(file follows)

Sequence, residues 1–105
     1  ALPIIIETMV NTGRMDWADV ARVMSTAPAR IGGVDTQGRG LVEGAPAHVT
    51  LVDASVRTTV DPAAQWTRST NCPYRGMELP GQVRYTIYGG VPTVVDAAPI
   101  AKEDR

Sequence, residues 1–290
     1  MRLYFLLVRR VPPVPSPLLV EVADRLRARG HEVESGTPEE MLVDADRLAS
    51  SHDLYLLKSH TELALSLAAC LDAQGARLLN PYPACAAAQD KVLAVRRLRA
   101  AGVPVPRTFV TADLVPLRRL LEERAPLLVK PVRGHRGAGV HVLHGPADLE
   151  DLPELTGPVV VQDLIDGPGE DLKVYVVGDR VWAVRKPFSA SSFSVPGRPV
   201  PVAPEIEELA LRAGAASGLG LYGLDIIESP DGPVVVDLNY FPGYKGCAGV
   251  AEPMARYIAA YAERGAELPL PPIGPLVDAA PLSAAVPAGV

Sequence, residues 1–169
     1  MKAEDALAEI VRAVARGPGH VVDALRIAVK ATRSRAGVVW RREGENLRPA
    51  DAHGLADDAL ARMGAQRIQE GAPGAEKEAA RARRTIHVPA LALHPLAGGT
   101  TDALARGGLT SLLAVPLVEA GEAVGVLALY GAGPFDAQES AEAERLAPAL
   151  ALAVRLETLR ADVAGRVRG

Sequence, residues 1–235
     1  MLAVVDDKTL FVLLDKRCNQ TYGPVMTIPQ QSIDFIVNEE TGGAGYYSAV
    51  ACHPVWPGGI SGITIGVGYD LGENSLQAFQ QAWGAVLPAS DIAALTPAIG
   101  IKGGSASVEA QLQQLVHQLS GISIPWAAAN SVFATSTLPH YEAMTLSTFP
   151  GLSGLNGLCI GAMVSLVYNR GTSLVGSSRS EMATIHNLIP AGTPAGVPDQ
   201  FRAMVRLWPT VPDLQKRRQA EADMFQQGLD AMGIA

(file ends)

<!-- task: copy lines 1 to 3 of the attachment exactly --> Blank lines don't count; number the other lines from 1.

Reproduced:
Sequence, residues 1–105
     1  ALPIIIETMV NTGRMDWADV ARVMSTAPAR IGGVDTQGRG LVEGAPAHVT
    51  LVDASVRTTV DPAAQWTRST NCPYRGMELP GQVRYTIYGG VPTVVDAAPI